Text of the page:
Mental health experts: Man not competent to stand trial on child rape charges

Doctors at Western State Hospital concluded that an Oak Harbor man accused of raping children isn’t currently competent to stand trial.

Doctors at Western State Hospital concluded that an Oak Harbor man accused of raping children isn’t currently competent to stand trial.

Michael W. Miller, 57, is facing four counts of rape of a child in the first degree for allegedly raping three girls as young as 8 years old over a period of years, according to documents filed in Island County Superior Court.

It wasn’t the first time that Miller was accused of sexually assaulting a child, court documents show. His son, who is in prison for child rape, claimed that his father also molested him, the records state.

Oak Harbor police brought out a SWAT team and armored vehicle in April to arrest Miller at a trailer park on Crosby Avenue.

At the request of Miller’s attorney, a judge ordered that Miller receive a competency exam at Western State Hospital. Mental health professionals found that Miller is not competent to stand trial, which means he lacks the capacity to understand the proceedings or to assist in his own defense as a result of mental disease or defect.

In response, Deputy Prosecutor Michael Safstrom filed a motion to have Miller’s competency restored.

He explained that Miller will be sent back to Western State Hospital, where he will receive treatment — such as psychotropic drugs — to restore his competency. Under the charges he is facing, Miller can be committed for up to 90 days.

If the treatment doesn’t take — which Safstrom said would be very unusual — the prosecution would have the option of sending him back for a second restoration period. Safstrom said there are also other options, such as civil commitment.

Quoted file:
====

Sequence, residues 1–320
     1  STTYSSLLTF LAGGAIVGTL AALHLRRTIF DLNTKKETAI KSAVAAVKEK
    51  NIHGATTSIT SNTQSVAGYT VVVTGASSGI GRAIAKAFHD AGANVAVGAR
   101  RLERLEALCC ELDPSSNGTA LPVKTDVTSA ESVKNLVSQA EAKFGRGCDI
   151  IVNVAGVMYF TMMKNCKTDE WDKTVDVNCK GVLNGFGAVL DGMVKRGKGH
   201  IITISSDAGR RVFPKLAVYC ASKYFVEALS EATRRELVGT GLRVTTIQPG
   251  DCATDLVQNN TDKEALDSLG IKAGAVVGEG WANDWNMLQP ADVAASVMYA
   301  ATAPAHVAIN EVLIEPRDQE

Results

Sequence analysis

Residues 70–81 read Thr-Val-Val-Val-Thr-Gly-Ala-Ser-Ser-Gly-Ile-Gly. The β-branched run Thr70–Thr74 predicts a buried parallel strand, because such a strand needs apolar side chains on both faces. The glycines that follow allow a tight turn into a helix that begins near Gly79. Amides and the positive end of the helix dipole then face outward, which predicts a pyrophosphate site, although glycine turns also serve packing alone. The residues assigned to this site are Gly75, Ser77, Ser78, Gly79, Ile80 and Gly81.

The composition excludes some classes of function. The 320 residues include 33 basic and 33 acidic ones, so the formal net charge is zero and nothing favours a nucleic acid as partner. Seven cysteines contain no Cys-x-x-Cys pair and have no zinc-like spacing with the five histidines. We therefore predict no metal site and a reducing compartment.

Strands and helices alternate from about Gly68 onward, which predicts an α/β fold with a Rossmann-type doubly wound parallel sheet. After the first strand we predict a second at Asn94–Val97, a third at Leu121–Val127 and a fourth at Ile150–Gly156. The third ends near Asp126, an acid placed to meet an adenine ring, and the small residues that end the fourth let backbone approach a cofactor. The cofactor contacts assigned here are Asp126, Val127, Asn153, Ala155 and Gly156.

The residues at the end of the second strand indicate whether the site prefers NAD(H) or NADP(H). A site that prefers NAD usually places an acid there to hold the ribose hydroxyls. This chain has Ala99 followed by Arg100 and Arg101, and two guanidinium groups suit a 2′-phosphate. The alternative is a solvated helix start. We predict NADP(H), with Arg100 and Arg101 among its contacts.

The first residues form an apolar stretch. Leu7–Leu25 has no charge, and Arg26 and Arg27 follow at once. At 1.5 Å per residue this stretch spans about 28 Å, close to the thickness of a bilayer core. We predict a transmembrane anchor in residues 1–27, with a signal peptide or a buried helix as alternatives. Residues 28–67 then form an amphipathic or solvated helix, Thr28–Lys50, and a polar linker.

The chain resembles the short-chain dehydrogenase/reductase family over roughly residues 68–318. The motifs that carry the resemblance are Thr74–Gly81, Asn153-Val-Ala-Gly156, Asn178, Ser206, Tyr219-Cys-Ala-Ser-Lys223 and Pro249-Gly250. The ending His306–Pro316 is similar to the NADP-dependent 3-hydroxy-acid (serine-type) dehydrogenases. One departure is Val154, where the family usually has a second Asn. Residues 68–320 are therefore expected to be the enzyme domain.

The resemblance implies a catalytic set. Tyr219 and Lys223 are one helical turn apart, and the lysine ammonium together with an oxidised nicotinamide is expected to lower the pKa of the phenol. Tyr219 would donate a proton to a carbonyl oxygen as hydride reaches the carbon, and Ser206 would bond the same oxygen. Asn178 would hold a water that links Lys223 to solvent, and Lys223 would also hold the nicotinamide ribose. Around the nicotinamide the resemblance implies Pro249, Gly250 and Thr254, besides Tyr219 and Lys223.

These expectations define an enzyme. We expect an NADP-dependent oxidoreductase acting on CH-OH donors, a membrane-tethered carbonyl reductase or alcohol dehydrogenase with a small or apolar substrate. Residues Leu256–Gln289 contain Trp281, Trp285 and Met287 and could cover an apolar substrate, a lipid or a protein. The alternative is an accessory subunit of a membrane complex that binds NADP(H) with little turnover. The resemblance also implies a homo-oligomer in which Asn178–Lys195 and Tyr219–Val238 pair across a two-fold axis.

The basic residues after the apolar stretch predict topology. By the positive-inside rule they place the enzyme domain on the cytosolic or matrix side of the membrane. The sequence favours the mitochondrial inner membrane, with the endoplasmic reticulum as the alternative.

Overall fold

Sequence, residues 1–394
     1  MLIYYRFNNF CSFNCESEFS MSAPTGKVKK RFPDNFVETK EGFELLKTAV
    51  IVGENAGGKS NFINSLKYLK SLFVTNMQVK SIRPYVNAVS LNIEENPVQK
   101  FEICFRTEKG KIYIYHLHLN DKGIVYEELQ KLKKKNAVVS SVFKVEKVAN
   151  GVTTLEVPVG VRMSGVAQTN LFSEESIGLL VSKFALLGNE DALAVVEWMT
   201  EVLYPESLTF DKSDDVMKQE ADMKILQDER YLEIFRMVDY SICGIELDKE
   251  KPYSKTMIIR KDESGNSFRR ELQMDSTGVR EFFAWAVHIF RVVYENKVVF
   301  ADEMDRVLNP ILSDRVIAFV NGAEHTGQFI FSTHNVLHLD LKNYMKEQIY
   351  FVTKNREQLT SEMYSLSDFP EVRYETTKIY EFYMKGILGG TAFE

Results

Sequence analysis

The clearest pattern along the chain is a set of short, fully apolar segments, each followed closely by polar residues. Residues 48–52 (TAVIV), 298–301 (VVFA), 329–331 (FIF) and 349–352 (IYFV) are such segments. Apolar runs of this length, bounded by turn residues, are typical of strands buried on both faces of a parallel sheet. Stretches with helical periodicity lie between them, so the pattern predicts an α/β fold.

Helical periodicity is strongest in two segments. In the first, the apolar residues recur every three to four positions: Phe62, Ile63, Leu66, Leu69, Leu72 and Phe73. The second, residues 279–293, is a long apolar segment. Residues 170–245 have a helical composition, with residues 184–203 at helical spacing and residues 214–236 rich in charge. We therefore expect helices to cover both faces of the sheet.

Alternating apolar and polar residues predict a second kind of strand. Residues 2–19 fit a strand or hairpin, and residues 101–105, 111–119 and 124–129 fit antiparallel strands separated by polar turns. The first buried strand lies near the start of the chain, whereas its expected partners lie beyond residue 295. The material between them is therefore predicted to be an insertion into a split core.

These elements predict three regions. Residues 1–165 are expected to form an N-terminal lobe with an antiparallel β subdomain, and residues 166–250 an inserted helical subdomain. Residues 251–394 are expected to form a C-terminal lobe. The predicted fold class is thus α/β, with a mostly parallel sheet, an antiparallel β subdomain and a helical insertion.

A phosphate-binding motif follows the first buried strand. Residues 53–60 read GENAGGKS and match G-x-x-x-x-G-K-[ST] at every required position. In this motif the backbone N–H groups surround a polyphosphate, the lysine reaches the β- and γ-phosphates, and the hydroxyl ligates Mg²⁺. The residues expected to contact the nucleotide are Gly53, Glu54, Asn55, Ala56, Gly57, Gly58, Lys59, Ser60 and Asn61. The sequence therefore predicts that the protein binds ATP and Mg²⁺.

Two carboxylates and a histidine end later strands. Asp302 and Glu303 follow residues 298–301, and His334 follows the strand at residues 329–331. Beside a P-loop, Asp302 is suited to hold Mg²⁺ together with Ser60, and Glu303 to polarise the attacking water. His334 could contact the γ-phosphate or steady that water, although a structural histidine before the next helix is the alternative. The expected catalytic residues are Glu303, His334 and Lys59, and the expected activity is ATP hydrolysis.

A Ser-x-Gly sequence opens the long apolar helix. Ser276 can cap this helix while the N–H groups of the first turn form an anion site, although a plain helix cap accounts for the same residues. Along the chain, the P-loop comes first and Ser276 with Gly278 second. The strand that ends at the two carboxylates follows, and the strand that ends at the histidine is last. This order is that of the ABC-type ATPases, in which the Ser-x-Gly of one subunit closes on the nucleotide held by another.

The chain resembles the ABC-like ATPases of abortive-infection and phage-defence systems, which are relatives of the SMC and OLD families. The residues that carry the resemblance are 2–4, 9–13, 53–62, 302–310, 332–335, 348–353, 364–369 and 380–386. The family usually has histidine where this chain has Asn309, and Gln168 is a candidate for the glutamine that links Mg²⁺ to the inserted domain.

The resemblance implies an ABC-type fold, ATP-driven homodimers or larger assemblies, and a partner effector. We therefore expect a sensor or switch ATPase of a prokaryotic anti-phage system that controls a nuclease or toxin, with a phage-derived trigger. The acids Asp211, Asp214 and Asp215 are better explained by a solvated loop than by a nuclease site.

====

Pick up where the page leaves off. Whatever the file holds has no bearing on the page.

Miller suffers from a seizure disorder and was on disability prior to his arrest, according to a forensic psychological evaluation filed in a case against his son, Christopher Miller.

Christopher Miller was convicted of first-degree rape of a child in 2011 for abusing a 6-year-old girl while he was babysitting her, which is what his father is now accused of doing to three children.

The forensic psychological evaluation states that Christopher Miller disclosed that his father also sexually abused him when he was a teenager.

In confessing to the crime, Christopher Miller told police that he was sexually abused and wanted to get help.

Christopher Miller originally was sentenced under the Special Sex Offender Sentencing Alternative, which allows some sex offenders to serve reduced sentences if they undergo intensive treatment and comply with supervision.

Christopher Miller’s special sentence was revoked, however, because he became homeless when his parent’s trailer park refused to allow a sex offender to live in the home. He is serving an indeterminate sentence of seven years and nine months to life in prison.